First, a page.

Wednesday, May 11, 2011

Defending Our Heritage

Below is the full text of the address of the Rev. Rex RB Reyes, Jr., General Secretary of the National Council of Churches in the Philippines during the Cordillera Day celebration in Toronto Canada held May 7, 2011.

Defending our Heritage

I bring you greetings from your sisters and brothers in the Philippines and from the National Council of Churches in the Philippines. I wish also to acknowledge KAIROS Canada and the churches in the Canada for making it possible for me to join you on this momentous event.

I will not dwell on the Cordillera Day just celebrated in Abra. I am sure you can easily access this in some internet links. So let me share briefly the reason why I am in Canada. Two days ago I attended the Ecumenical Conference on Mining. This conference brought together representatives of the Canadian churches, Canadian first nations, indigenous peoples from various countries of the global south and a few from the United States and Europe. The indigenous peoples from the south came from countries where Canadian mining firms have either began operations or have pending mining applications. Canada is home to 75% of the world’s mining and mineral exploration companies and Canadian stock exchanges raise 40% of all mineral exploration capital worldwide.

I am told of the thirteen trans-national mining companies with applications in the Cordillera, six are Canadian firms. At this conference, the indigenous peoples’ representatives shared common stories of destruction and social erosion as a result of these mining operations. Our message to the Canadian churches was un-equivocable: “Not at our expense!”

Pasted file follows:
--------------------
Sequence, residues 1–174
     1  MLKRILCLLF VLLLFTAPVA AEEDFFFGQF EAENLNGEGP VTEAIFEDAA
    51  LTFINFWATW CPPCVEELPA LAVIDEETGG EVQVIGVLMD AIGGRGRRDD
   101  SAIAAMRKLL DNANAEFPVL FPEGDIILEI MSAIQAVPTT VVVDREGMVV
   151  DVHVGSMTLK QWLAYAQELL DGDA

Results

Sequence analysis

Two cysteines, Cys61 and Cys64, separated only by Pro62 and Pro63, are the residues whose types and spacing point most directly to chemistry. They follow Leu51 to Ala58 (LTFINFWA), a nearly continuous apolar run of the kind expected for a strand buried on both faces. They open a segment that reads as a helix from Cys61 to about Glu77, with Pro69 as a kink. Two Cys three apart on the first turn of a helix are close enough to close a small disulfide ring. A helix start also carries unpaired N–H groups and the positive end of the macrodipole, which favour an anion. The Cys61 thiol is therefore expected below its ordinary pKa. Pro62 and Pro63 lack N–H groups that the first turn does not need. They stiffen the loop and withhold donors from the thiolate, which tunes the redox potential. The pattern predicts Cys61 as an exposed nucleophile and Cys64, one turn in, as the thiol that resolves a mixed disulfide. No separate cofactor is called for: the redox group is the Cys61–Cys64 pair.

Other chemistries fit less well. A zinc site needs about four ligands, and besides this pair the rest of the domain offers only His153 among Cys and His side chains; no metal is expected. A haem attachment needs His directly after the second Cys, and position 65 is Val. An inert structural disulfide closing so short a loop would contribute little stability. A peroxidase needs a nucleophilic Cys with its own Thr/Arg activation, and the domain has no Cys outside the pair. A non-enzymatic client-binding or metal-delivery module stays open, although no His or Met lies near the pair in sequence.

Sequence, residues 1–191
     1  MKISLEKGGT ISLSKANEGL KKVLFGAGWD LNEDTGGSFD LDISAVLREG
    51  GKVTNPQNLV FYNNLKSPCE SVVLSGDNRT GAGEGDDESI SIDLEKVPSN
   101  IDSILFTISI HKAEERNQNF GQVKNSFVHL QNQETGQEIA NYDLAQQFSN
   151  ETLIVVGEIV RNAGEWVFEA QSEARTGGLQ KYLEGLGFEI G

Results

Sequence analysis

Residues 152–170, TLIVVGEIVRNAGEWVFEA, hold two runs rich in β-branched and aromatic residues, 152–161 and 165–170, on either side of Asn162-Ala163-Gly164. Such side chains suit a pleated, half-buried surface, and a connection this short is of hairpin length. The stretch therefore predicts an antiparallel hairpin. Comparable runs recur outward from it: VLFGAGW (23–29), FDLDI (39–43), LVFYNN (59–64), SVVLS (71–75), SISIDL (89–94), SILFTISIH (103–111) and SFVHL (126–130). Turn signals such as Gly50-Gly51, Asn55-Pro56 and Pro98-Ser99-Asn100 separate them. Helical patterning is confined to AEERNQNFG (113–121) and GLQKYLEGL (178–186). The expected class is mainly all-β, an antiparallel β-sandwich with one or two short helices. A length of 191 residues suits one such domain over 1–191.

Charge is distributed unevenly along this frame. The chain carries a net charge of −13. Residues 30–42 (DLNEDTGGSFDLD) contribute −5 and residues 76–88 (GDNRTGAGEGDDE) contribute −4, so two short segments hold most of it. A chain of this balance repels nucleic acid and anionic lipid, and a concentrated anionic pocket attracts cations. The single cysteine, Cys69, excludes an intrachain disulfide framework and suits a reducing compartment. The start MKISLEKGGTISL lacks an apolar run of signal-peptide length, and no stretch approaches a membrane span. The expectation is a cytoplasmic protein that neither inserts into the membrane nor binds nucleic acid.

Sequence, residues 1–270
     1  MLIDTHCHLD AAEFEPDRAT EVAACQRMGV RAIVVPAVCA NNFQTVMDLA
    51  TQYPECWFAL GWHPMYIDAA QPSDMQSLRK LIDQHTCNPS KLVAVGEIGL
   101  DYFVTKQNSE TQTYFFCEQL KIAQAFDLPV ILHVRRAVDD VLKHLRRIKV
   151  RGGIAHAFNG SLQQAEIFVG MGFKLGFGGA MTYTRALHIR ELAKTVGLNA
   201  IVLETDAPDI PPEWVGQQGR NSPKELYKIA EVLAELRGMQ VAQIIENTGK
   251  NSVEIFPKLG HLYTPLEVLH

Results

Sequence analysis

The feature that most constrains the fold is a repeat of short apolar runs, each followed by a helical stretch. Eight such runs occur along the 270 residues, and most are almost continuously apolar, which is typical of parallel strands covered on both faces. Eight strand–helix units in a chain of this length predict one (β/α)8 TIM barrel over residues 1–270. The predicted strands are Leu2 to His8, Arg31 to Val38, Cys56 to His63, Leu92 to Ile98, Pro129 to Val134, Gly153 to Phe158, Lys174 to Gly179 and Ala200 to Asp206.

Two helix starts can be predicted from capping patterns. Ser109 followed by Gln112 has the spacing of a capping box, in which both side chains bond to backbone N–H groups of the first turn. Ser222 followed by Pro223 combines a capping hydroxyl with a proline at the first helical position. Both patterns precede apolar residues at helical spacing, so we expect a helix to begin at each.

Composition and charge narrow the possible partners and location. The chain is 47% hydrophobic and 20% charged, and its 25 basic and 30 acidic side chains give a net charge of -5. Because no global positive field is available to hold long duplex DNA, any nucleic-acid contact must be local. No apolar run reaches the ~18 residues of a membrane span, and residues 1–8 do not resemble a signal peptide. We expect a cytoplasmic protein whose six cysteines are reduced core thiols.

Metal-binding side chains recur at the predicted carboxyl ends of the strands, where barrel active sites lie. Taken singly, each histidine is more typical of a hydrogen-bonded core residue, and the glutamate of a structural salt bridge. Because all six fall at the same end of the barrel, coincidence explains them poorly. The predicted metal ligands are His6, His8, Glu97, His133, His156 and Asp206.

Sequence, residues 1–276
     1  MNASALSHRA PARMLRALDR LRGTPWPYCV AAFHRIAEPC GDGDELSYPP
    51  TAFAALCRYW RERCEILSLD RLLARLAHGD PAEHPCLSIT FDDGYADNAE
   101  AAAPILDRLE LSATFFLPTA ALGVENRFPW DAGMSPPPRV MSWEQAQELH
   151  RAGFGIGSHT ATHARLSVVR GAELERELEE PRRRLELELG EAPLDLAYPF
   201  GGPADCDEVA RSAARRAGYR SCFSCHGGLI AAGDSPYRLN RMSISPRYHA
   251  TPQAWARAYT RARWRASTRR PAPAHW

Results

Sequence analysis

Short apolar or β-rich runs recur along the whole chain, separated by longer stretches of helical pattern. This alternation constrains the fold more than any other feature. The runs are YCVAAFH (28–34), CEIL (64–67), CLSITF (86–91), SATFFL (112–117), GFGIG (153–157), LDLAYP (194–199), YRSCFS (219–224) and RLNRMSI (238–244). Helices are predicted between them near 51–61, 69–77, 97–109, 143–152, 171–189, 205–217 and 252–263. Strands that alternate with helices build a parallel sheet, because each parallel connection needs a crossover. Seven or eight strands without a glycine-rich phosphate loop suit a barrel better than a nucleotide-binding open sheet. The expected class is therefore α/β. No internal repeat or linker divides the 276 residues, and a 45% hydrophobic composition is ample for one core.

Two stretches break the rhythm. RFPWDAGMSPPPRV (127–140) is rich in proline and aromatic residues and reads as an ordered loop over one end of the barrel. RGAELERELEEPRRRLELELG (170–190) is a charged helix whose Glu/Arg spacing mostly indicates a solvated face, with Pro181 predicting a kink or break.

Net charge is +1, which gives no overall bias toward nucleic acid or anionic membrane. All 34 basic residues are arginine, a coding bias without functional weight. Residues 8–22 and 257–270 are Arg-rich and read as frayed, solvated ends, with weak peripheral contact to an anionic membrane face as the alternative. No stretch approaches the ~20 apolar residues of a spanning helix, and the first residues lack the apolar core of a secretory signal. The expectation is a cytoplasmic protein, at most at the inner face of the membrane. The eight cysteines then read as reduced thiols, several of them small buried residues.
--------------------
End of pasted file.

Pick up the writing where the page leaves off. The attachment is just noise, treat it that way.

In our country, a reason for the easy entry of trans-national mining firms is the liberalized policy on mining as shown by the Mining Act of 1995. Consider some of its features: generous tax holidays, a hundred percent repatriation of profits, and control of hundreds of thousands of hectares of land. For some reason the Supreme Court ruled some of the provisions of the Act unconstitutional only to reverse its ruling later setting the floodgates for applications. Contrary to what we have been told of a 50% share, studies have shown that mining contributed 1.2% to the GDP from 2005-2009 and 1.1% of the total tax collections. The Mining Act is a disenfranchisement for the indigenous peoples as it also declares the state as the owner of mineral resources. These resources are in mountains long inhabited by indigenous peoples.

We are not against mining per se. We are against extractive mining motivated solely for the profit of trans-national corporations and at tremendous expense to indigenous peoples and without regard to patrimony, environmental and ecological concerns as well as the future generations.

It would seem nowadays that the defense of patrimony and ancestral domain is a task only for activists and a few noisy Christians or faith-based groups. To be sure, activists are people who subscribe to genuine social change as opposed to those who prefer the status quo and thus are referred to as reactionaries.